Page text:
There’s a nine percent chance a magnitude 9 or larger earthquake will strike the Aleutian Islands in the next 50 years. That is the prediction offered by scientists from the University of Hawai’i at Mānoa — made with the help of a newly designed computer model.
Researchers say an earthquake of that size could send a mega-tsunami in the direction of the Hawaiian Islands.
The Aleutian Islands, which stretch toward Russia from the coast of Alaska, sit along a subduction zone at the convergence of the Pacific and North American tectonic plates. Scientists say the chance of a dramatic slip along the fault lines that make up the subduction zone is significant.
They detailed the threat of a mega-earthquake in a new paper, published this week in the Journal of Geophysical Research – Solid Earth.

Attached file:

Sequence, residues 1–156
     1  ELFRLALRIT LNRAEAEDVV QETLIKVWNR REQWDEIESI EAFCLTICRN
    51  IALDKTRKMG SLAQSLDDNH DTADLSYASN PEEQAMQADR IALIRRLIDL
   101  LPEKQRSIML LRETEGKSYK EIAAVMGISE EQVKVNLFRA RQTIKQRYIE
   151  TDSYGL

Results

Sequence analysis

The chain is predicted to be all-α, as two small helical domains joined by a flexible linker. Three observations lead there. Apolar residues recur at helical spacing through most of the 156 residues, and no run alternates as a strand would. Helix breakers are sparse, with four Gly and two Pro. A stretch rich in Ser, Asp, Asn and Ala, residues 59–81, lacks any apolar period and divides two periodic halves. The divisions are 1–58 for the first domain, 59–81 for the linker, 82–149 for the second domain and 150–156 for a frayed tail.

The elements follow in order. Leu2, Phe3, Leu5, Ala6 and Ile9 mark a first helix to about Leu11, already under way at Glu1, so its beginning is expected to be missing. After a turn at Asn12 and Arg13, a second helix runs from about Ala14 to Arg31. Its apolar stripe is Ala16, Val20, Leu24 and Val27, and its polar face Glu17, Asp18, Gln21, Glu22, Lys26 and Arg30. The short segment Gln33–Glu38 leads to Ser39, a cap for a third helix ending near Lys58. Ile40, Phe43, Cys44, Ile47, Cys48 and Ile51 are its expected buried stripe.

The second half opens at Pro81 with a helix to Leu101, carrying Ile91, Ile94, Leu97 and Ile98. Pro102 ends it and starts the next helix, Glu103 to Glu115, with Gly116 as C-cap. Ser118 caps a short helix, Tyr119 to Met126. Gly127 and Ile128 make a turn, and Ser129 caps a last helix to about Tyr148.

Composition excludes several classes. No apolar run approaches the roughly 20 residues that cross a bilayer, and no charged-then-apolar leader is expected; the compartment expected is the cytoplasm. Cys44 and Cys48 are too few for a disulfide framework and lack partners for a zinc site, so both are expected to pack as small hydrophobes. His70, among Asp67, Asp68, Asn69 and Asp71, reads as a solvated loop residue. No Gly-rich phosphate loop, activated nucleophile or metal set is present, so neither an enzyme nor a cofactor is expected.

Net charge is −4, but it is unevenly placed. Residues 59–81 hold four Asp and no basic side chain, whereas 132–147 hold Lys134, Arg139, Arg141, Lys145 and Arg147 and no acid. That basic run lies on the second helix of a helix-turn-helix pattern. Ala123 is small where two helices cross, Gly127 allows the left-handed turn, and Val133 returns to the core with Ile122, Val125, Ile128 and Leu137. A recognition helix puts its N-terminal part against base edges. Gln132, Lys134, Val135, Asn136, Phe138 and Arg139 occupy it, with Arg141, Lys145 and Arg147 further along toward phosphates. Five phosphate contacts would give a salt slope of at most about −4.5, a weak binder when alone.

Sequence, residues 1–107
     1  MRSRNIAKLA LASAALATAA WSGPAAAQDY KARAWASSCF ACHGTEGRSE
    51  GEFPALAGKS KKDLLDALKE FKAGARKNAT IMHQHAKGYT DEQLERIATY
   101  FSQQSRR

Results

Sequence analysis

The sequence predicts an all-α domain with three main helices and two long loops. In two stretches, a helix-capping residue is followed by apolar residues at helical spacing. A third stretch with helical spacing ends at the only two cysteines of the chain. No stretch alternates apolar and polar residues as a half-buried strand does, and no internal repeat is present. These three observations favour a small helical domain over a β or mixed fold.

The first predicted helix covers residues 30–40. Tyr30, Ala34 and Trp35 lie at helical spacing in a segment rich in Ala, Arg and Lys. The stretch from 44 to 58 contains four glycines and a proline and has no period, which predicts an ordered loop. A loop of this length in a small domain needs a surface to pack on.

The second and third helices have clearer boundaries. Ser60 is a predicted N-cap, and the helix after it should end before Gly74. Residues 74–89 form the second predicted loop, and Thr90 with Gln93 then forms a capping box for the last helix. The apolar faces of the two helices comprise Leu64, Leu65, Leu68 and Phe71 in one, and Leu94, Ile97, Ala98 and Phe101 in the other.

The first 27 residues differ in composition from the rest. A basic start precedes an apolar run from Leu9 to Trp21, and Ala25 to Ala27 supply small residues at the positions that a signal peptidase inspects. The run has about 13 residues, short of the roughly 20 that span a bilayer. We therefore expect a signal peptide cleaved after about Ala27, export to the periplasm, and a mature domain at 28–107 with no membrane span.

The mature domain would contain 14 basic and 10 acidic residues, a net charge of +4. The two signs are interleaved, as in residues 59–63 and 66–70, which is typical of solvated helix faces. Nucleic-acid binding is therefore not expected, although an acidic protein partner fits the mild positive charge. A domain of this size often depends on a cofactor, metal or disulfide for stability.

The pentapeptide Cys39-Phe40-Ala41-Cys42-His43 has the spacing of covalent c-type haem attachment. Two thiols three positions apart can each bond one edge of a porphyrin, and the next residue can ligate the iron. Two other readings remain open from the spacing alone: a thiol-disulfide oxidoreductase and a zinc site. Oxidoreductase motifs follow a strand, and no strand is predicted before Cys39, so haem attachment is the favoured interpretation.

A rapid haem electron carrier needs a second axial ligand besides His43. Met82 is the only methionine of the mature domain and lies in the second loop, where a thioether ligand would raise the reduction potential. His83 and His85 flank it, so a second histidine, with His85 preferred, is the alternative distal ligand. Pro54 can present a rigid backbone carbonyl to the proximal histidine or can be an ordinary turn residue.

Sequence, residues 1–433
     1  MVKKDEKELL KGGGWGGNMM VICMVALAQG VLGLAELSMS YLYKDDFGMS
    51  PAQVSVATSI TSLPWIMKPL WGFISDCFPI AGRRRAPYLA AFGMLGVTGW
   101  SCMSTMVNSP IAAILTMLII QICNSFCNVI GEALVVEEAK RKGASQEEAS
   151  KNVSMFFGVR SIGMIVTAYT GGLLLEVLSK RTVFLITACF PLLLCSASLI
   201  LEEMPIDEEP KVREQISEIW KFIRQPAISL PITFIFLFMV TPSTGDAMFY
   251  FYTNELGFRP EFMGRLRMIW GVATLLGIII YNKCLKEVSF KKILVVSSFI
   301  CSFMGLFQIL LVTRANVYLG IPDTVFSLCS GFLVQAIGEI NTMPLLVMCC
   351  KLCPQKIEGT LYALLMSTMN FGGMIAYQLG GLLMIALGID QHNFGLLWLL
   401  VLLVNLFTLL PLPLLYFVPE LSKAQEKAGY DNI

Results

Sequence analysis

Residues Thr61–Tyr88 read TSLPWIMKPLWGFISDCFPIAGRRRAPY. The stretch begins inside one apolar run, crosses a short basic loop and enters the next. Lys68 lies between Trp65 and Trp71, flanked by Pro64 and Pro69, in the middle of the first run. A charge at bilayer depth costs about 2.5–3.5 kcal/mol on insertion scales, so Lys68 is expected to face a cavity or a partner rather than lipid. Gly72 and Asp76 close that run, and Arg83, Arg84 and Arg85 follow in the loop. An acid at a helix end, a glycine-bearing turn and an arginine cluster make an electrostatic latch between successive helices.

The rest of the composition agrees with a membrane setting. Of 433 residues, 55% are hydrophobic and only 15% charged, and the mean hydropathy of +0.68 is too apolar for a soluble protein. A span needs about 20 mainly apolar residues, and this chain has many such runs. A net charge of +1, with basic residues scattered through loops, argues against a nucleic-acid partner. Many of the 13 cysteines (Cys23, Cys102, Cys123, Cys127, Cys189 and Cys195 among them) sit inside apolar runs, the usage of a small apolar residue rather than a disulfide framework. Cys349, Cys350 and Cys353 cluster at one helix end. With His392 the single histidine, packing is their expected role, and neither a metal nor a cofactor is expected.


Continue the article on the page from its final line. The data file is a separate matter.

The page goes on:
“Necessity is the mother of invention,” lead study author Rhett Butler, a geophysicist at the UHM School of Ocean and Earth Science and Technology, explained in a news release. “Having no recorded history of mega tsunamis in Hawai’i, and given the tsunami threat to Hawai’i, we devised a model for Magnitude 9 earthquake rates following upon the insightful work of David Burbidge and others.”
Researchers integrated fault system measurements — fault length and convergence rate — with Bayesian probability models, and then tested the predictions against historic tectonic events. Researchers compared the simulation to recent catastrophic earthquake and tsunami events, including Sumatra-Andaman in 2004; Alaska in 1964; Chile in 1960; and Kamchatka in 1952.
“These five events represent half of…